We are glad to offer a new milk culture system in our 2 clinics: The TRI-plate system.

What is this new system?


As you can see, from the sample taken from the infected quarter, a small amount is placed on each section of the plate. Depending where the bacteria will grow, we will be able to tell you in 24 HOURS the type of bacteria we are dealing with.

How will this new system change your way to deal with mastitis?

What we suggest is to take a sample of an infected quarter, WITHOUT TREATING THE QUARTER. Bring the sample as soon as possible to one of our 2 clinics. After 24 hours, we will call you back with the results and the treatment plan.

Here is how we will interpret these results:


What happens if I don’t treat my cow for 24 hours and there are bacteria in her quarter? Will she become a chronic mastitis cow?

NO. When you see chunks in the milk, the mastitis started 2-3 days ago but you were just no seeing it! If you wait another 24 hours, it won’t change the cure rate and won’t become a chronic case. In addition, if we identify the bacteria in 24 hours, we will treat her with the appropriate antibiotics instead of treating her with a random drug.

What happens if there is no bacterial growth on your test and my cow still has no improvement after few days?

This test isn’t covering all the bacteria in the world. It’s possible we have something unusual. In those cases, we will recommend taking another sample and we will send it to Guelph for further tests. We want you to know that it won’t change the cure rate or increase the possibility she will become chronic.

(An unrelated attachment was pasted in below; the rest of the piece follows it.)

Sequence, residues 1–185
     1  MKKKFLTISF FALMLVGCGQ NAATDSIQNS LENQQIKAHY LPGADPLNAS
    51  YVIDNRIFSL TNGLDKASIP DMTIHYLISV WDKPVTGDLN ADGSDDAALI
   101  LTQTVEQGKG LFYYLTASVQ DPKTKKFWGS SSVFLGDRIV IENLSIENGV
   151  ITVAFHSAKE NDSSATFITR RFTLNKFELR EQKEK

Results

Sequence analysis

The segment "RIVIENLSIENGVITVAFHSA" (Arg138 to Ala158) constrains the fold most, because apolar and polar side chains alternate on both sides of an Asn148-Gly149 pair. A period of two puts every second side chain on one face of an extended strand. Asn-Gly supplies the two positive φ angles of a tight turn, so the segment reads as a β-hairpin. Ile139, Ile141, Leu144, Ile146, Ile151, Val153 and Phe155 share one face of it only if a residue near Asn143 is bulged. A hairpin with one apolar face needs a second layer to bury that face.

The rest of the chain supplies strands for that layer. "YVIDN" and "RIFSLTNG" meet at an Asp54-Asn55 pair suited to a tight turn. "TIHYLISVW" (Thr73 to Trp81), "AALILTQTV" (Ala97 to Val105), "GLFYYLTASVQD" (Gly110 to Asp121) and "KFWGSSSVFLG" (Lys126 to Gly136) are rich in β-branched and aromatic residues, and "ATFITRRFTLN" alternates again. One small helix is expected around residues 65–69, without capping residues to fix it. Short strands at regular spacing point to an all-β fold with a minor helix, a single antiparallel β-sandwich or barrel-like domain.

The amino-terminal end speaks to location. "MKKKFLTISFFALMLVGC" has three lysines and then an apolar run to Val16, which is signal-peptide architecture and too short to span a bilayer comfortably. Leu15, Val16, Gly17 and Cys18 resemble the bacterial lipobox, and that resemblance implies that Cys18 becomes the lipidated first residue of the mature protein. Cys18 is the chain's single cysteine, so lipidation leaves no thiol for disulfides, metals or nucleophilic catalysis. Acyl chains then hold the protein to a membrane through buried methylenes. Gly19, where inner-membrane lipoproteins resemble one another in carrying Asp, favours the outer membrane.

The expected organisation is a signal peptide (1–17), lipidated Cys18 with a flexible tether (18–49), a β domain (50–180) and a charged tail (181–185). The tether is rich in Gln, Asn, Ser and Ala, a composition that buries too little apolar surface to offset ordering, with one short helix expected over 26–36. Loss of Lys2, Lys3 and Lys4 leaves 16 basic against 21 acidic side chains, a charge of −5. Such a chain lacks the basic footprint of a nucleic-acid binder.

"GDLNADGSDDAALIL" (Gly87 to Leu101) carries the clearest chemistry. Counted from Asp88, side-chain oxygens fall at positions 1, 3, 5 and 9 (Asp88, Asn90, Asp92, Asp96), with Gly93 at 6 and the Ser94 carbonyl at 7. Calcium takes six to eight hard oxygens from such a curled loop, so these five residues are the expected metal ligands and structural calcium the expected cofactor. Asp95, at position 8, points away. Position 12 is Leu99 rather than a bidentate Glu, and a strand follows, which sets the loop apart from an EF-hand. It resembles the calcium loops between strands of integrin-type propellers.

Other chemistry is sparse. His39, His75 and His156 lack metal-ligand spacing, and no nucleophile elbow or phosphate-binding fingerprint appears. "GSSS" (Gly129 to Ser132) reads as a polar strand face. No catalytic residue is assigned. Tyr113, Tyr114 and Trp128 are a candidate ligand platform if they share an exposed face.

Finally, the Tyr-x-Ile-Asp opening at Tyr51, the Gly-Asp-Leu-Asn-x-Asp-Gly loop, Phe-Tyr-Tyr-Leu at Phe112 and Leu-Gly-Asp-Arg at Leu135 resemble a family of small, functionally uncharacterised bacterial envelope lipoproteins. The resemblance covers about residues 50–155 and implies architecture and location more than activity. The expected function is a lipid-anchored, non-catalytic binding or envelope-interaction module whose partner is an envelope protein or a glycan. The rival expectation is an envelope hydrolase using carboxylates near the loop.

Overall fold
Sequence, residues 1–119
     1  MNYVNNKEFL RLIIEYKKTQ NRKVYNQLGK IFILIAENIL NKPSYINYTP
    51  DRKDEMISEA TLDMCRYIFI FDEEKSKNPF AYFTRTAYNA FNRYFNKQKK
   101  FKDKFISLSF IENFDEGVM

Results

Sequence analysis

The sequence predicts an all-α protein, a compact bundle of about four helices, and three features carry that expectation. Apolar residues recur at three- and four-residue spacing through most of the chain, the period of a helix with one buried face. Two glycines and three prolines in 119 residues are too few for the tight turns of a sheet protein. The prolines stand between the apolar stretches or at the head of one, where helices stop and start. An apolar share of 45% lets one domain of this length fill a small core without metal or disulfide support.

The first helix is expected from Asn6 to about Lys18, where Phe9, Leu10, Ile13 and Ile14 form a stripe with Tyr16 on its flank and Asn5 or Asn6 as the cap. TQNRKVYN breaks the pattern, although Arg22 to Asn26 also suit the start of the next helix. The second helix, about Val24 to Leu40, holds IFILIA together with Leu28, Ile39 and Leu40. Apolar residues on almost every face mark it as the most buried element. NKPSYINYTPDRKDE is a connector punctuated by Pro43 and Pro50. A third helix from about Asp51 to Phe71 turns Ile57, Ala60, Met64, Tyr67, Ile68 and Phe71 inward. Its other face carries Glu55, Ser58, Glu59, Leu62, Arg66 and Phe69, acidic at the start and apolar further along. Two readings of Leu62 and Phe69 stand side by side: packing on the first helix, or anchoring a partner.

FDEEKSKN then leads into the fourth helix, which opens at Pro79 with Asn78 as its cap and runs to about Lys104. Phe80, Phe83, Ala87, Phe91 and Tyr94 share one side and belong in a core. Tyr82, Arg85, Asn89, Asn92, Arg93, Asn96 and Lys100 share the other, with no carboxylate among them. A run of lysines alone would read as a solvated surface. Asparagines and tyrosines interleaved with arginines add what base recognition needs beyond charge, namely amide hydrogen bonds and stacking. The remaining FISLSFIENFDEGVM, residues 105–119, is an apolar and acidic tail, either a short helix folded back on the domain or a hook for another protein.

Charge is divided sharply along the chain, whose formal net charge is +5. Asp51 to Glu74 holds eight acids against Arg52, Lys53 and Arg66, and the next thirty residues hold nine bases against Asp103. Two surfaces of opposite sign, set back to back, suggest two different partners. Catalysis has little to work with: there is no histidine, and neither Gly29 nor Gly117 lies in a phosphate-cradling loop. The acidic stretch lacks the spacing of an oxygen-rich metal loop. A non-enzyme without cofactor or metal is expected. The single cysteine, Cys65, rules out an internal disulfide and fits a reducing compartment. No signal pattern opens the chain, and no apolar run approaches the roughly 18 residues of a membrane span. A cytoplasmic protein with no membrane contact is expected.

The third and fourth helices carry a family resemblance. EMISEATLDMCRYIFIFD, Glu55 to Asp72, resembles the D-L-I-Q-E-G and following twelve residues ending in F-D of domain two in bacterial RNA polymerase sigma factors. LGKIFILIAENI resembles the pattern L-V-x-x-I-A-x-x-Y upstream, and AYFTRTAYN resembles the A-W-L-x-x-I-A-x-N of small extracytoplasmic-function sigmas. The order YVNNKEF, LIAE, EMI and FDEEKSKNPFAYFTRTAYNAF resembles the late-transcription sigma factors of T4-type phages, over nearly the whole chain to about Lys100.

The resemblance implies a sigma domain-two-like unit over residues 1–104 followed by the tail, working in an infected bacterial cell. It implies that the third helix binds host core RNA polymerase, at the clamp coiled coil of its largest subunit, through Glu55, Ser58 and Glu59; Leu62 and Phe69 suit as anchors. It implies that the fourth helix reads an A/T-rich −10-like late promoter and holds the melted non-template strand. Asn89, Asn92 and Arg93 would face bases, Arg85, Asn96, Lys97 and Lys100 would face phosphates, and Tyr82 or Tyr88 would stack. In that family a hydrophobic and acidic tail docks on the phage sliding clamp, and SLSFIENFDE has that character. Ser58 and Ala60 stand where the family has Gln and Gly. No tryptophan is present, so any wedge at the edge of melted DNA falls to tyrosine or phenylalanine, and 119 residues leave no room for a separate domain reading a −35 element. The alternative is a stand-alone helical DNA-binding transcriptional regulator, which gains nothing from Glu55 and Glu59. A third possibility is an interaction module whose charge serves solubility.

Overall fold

What should I do with the milk from a cow with chunky milk in only one quarter?

You can use a milking adapter to milk one quarter separately and the milk from the 3 other quarters go to the bulk tank, or just throw away the milk of this cow. You have to keep in mind that even if you throw this milk away, you will do it only for 1 to 3 days instead of over a week if you would have treated that cow.

How can I use this system on my farm?

The easiest way is to talk to your vet at his next visit to your farm. Basically, we recommend you to take a sample and bring it to us without treating the cow for every case of mastitis you have. It is also possible to use this test for herd screening (subclinical mastitis).

How to take a proper milk sample?

Step 1

Put gloves on to take the milk sample.

Step 2

Make sure the teat is clean and dry before you proceed. Clean the teat end with alcohol.

Step 3

Open the tube sample without touching the inside of it and the cap.

Step 4

Throw the first squirts away and then fill the tube with milk. You have to be sure that you are not holding the sample tube right under the teat. Aim well!

Step 5

Close the tube and apply teat dip.

Step 6

Bring the sample to our clinic. If you bring the sample within 24 hours, just refrigerate. If you bring it more than 24 hours later, freeze it.